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Hill v. Powell

United States District Court, D. Delaware

February 7, 2014

WILLIAM HILL, Plaintiff,
v.
CAROL POWELL, Defendant.

MEMORANDUM

GREGORY M. SLEET, Chief District Judge.

The plaintiff, William Hill ("Hill"), an inmate at the James T. Vaughn Correctional Center ("VCC"), Smyrna, Delaware, filed this lawsuit pursuant to 42 U.S.C. § 1983.[1] (D.I. 2.) Hill appears pro se and was granted permission to proceed in forma pauperis pursuant to 28 U.S.C. § 1915. (D.I. 5.) The court proceeds to review and screen the complaint.

I. BACKGROUND

Hill ordered two books on September 13, 2013. Both books arrived, but he only received one, the Marvel Encyclopedia having been confiscated by the defendant Carol Powell ("Powell") as "oversized." Hill unsuccessfully appealed the confiscation of his book. He alleges that he was retaliated against when, on October 15, his "name got a red flag."

Hill seeks return of his property and the termination of Powell's employment.

II. STANDARD OF REVIEW

This court must dismiss, at the earliest practicable time, certain in forma pauperis and prisoner actions that are frivolous, malicious, fail to state a claim, or seek monetary relief from a defendant who is immune from such relief. See 28 U.S.C. § 1915(e)(2) (in forma pauperis actions); 28 U.S.C. § 1915A (actions in which prisoner seeks redress from a governmental defendant); 42 U.S.C. § 1997e (prisoner actions brought with respect to prison conditions). The court must accept all factual allegations in a complaint as true and take them in the light most favorable to a pro se plaintiff. Phillips v. County of Allegheny, SIS F.3d 224, 229 (3d Cir. 2008); Erickson v. Pardus, 551 U.S. 89, 93 (2007). Because Hill proceeds pro se, his pleading is liberally construed and his complaint, "however inartfully pleaded, must be held to less stringent standards than formal pleadings drafted by lawyers." Erickson v. Pardus, 551 U.S. at 94 (citations omitted).

An action is frivolous if it "lacks an arguable basis either in law or in fact." Neitzke v. Williams, 490 U.S. 319, 325 (1989). Under 28 U.S.C. § 1915(e)(2)(B)(i) and § 1915A(b)(1), a court may dismiss a complaint as frivolous if it is "based on an indisputably meritless legal theory" or a "clearly baseless" or "fantastic or delusional" factual scenario. Neitzke, 490 at 327-28; Wilson v. Rackmill, 878 F.2d 772, 774 (3d Cir. 1989); see, e.g., Deutsch v. United States, 67 F.3d 1080, 1091-92 (3d Cir. 1995) (holding frivolous a suit alleging that prison officials took an inmate's pen and refused to give it back).

The legal standard for dismissing a complaint for failure to state a claim pursuant to § 1915(e)(2)(B)(ii) and § 1915A(b)(1) is identical to the legal standard used when ruling on 12(b)(6) motions. Tourscher v. McCullough, 184 F.3d 236, 240 (3d Cir. 1999) (applying Fed.R.Civ.P. 12(b)(6) standard to dismissal for failure to state a claim under § 1915(e)(2)(B)). However, before dismissing a complaint or claims for failure to state a claim upon which relief may be granted pursuant to the screening provisions of 28 U.S.C. §§ 1915 and 1915A, the court must grant Hill leave to amend his complaint unless amendment would be inequitable or futile. See Grayson v. Mayview State Hosp., 293 F.3d 103, 114 (3d Cir. 2002).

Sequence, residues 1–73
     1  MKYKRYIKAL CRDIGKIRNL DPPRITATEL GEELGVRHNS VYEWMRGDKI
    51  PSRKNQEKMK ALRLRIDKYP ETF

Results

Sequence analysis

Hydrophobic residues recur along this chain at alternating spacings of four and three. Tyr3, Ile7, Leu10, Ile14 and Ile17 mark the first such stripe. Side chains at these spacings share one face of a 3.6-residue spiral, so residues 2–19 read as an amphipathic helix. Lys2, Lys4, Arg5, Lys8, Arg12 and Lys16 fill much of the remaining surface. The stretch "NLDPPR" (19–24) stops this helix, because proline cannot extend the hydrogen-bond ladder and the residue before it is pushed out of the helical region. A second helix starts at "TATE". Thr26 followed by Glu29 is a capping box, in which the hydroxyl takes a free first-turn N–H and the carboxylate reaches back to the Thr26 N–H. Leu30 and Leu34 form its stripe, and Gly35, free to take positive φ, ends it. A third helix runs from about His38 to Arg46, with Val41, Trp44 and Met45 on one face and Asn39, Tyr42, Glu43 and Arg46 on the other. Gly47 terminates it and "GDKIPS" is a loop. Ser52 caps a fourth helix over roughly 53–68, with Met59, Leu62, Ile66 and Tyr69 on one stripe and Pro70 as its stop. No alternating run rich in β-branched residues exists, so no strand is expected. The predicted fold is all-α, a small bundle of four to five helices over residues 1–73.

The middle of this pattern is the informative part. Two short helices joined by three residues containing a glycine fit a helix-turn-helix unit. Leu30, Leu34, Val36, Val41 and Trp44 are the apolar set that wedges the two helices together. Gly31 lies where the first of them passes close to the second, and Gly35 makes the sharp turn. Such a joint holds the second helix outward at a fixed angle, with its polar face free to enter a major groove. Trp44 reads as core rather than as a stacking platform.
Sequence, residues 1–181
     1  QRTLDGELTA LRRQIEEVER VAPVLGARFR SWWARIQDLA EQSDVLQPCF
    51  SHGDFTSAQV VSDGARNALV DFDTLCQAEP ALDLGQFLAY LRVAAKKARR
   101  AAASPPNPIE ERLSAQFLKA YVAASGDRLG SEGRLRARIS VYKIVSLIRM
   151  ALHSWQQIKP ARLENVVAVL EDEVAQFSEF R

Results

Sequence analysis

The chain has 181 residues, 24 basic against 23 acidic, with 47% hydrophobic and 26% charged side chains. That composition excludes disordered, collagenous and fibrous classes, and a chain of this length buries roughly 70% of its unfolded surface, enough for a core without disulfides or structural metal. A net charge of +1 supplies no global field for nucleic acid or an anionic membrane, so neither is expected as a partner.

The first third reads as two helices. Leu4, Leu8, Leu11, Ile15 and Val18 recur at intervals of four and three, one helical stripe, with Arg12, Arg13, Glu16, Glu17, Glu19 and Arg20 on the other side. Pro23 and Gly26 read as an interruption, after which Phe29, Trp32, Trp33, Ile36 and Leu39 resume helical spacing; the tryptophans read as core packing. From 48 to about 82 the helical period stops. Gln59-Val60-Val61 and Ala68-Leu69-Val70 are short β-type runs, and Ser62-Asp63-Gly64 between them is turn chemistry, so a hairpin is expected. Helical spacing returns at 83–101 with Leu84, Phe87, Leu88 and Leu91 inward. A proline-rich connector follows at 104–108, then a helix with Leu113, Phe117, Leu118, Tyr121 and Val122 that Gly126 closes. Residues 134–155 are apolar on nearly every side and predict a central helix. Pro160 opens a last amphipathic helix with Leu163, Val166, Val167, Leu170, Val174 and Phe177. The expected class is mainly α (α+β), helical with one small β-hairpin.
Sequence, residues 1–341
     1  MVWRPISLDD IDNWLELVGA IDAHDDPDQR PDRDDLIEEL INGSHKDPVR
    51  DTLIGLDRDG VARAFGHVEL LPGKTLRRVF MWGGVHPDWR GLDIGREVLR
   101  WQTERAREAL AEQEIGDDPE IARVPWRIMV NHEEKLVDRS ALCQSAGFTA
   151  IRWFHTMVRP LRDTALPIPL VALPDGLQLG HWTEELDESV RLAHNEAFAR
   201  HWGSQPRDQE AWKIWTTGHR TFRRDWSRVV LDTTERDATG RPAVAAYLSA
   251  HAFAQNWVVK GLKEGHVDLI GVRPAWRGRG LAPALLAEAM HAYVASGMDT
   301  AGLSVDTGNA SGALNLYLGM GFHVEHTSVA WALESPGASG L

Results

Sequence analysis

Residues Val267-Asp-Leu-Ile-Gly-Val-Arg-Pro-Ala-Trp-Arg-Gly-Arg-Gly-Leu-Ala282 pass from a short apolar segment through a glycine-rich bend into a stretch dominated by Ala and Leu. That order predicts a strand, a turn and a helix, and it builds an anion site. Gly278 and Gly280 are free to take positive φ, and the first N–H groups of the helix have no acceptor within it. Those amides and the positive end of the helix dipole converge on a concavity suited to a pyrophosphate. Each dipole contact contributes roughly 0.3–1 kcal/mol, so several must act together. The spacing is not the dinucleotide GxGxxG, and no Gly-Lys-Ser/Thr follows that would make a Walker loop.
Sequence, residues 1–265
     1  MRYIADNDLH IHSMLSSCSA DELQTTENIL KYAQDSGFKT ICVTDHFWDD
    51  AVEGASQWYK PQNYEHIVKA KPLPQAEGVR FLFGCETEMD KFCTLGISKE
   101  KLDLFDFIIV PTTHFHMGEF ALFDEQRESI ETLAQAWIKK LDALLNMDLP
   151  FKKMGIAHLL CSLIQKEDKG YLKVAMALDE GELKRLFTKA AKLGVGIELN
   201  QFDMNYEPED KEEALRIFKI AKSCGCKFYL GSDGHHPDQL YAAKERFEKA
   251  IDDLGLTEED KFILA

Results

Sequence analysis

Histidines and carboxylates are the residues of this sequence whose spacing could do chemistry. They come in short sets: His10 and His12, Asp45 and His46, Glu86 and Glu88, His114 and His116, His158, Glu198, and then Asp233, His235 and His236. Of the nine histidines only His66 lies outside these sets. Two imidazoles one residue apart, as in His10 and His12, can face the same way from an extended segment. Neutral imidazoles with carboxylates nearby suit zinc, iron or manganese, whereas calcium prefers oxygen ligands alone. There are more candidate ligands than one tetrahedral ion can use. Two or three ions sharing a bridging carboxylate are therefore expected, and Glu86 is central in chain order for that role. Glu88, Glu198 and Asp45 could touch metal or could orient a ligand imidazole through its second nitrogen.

A well-pleaded complaint must contain more than mere labels and conclusions. See Ashcroft v. Iqbal, 556 U.S. 662 (2009); Bell Atl. Corp. v. Twombly, 550 U.S. 544 (2007). The assumption of truth is inapplicable to legal conclusions or to "[t]hreadbare recitals of the elements of a cause of action supported by mere conclusory statements." Id. at 678. When determining whether dismissal is appropriate, the court conducts a two-part analysis. Fowler v. UPMC Shadyside, 578 F.3d 203, 210 (3d Cir. 2009). First, the factual and legal elements of a claim are separated. Id. The court must accept all of the complaint's well-pleaded facts as true, but may disregard any legal conclusions. Id. at 210-11. Second, the court must determine whether the facts alleged in the complaint are sufficient to show that Hill has a "plausible claim for relief."[2] Id. at 211. In other words, the complaint must do more than allege Hill's entitlement to relief; rather it must "show" such an entitlement with its facts. Id. "[W]here the well-pleaded facts do not permit the court to infer more than a mere possibility of misconduct, the complaint has alleged - but it has not shown - that the pleader is entitled to relief." Iqbal, 556 U.S. at 678 (quoting Fed.R.Civ.P. 8(a)(2)).

III. DISCUSSION

A. Property

Hill seeks the return of his confiscated book. A prisoner's due process claim based on random and unauthorized deprivation of property by a state actor is not actionable under § 1983, whether the deprivation is negligent or intentional, unless there is no adequate post-deprivation remedy available. See Parratt v. Taylor, 451 U.S. 527, 542 (1981), overruled on other grounds by, 474 U.S. 327 (1986); Hudson v. Palmer, 468 U.S. 517, 533 (1984).

Hill has available to him the option of filing a common law claim for conversion of property. Inasmuch as Delaware law provides an adequate remedy for Hill, he cannot maintain a cause of action pursuant to § 1983. See Hudson, 468 U.S. at ...


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